In other word’s this would be my responsibility. Now, for those of you sitting out there in the festival business digest the timing of this decision. This was midApril of 1982 and we wanted the driest weekend of the year, the third weekend in July, just three months away. I selected Seattle’s Green Lake as the site, but found out there was a softball tournament already scheduled on the fields surrounding the Evans Pool. The Seattle Parks Dept. said no way and so I called Mayor Charles Royer and told him the restaurant industry needed help. He instructed Parks to work it out with us. They grudgingly gave us the 12 foot- wide path that leads from Green Lake Way to the lake. We were now ready to put our plan into action. Little did I know what I was getting into. I had already told the restaurants what their fee would be, I just guessed………… I had no budget!....... I was finding out what a tent cost, what electrical outlets cost, where to set up a three compartment sink, I did not know enough to rent radios, ……I never did…………no communication between me and my staff, unless we ran into one another. I called the owner of the garbage company (Robanco) and asked their advice on trash. They said they would provide a few four-yard dumpsters and have a garbage truck on the grounds to compact it all. I hired my daughter and some of her college friends to push the containers to the garbage truck. (PAUSE) Have any of you ever tried pushing a garbage loaded four yard dumpster on grass? Not easy. I went down to the Department Of Health and asked their advice on what I needed to do. They said cover everything with Saran wrap. I said Wow! That was easy. I never went to the Fire Department, because I did not know I needed to…………… But more on that later. Virginia Swanson was my contact in the Parks Dept. That first year she and I made all the plans and decisions for the event. Virginia said she would handle the police because if I did they might take advantage of me. (Fancy that) My only regret in those early years is that I could not take Virginia with me when we moved to Seattle Center. Later on Virginia went on to chair the Special Events Committee for the City of Seattle.
When we organized the second Bite in ’83 there were four representatives for the city, Health, Fire, Police, and Virginia. In 1984 the organizing committee involved 15 people from various City and County departments including the ASPCA. I knew I had finally arrived at the epicenter of special events when I drew the attention of the dog catcher. The first Bite was just two days, Saturday and Sunday. We had anticipated that perhaps 25,000 people would show up over the two days, instead we ended up closer to 75,000. The proximity to the softball tournament caused us to station outfielders next to the BBQ’s to protect them from getting hit. The press exposure was beyond my belief, it was fantastic. We were on the front cover of the Seattle Times Weekend Magazine section on Friday then a banner across the top of the Saturday Times and then pictures and story on the front page of the Sunday paper. No social media. We were the talk of the town. There were 28 restaurants in the first Bite. They were lined up on both sides of that narrow path, in fact opposite lines intermingled in the middle of the path so that you were not sure which line you were in. You could only shuffle down the path. The restaurants were constantly sending couriers to their stores because they were running out of food.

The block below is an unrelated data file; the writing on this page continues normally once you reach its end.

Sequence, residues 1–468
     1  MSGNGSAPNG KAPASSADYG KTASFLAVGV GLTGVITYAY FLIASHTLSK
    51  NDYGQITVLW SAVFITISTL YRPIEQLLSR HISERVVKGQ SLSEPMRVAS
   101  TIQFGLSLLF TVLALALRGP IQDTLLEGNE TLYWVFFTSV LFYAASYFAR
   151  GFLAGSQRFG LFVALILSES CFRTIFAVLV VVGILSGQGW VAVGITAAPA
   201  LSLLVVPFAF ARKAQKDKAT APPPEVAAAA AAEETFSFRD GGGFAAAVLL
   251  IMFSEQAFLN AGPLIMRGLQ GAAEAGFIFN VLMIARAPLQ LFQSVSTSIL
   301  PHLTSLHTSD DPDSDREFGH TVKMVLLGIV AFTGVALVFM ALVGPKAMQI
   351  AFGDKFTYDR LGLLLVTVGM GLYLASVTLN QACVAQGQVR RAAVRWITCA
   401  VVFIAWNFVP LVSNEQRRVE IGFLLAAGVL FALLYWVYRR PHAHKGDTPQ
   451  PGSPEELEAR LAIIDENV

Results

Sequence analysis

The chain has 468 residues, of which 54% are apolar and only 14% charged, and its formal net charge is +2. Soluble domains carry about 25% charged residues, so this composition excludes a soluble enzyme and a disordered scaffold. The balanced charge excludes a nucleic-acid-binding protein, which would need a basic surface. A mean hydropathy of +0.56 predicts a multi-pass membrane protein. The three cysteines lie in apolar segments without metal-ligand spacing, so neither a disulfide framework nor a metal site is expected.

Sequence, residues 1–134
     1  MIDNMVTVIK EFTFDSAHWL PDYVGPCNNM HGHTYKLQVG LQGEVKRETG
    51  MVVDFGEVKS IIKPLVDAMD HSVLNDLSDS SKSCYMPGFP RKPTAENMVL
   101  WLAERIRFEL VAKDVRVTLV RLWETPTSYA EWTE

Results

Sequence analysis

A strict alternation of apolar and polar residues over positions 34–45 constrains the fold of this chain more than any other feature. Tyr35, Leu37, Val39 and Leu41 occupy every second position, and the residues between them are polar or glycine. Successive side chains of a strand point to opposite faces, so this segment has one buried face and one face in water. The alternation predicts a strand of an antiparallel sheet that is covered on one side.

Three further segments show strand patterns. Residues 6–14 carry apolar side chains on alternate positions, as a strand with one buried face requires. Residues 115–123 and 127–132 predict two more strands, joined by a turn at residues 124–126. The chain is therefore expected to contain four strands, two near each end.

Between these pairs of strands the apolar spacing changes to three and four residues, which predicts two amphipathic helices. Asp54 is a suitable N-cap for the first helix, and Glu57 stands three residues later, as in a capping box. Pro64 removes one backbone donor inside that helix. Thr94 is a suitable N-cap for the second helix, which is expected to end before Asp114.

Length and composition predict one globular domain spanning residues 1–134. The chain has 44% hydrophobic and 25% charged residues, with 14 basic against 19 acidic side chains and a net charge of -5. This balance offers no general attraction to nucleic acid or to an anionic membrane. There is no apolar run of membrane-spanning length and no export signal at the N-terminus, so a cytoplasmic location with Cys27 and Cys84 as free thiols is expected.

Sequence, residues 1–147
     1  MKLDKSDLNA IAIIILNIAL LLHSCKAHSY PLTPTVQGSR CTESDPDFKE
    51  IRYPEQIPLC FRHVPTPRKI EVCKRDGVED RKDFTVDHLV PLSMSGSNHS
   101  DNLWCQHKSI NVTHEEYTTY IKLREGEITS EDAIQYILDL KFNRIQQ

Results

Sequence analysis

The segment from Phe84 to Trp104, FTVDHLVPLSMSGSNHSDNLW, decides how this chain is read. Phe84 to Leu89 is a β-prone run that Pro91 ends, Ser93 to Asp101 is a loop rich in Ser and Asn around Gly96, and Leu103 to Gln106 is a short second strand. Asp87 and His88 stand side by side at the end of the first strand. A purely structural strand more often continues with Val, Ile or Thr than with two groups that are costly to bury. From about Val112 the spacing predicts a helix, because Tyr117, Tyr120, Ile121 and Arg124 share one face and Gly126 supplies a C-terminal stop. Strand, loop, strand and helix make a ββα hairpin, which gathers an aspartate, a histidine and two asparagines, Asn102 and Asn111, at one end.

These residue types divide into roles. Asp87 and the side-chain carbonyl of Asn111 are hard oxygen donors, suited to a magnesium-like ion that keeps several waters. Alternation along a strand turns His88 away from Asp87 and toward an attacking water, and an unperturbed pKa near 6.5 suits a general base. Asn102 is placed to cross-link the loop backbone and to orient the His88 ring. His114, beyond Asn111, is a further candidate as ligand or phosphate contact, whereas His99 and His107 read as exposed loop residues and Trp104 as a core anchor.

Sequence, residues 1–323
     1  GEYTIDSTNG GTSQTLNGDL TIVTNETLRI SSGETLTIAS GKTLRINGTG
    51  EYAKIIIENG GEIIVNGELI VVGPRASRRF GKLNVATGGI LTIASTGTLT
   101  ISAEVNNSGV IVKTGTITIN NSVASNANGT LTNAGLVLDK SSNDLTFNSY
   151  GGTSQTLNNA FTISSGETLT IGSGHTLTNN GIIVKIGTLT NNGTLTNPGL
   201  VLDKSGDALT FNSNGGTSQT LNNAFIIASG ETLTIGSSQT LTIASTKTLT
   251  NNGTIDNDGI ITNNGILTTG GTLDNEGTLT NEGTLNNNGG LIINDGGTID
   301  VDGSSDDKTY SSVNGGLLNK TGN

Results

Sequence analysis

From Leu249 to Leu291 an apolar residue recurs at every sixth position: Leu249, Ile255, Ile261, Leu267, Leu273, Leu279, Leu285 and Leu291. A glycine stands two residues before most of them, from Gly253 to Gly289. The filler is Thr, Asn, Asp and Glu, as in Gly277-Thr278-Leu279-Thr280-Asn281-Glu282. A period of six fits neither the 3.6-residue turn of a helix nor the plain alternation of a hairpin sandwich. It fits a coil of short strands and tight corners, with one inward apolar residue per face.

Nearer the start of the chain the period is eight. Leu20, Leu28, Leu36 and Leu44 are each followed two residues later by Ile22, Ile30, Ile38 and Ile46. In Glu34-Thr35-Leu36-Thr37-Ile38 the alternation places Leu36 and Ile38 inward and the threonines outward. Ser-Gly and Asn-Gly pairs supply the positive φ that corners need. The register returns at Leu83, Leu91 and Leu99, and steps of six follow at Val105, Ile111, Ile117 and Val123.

All the restaurant owners who came down Saturday afternoon in their alligator shoes and gaberdine slacks were soon seen with their sleeves rolled up pitching in to help their staff keep up. Remember my mentioning that I never applied for a Fire Permit, well………..the Fire Chief found out about our event and instructed his Fire Marshal to cut short his weekend in Yakima and get down to Green Lake.
I also realized our garbage was getting out of hand. You could not find the four- yard dumpsters, they were surrounded and buried with garbage bags already full. As the band was preparing to play its encore number I grabbed the mike and asked the audience to take the garbage bag liners I had my staff giving out and help clean up the grounds around themselves after the show. The result was astounding. It was hard to find a cigarette butt when they all left.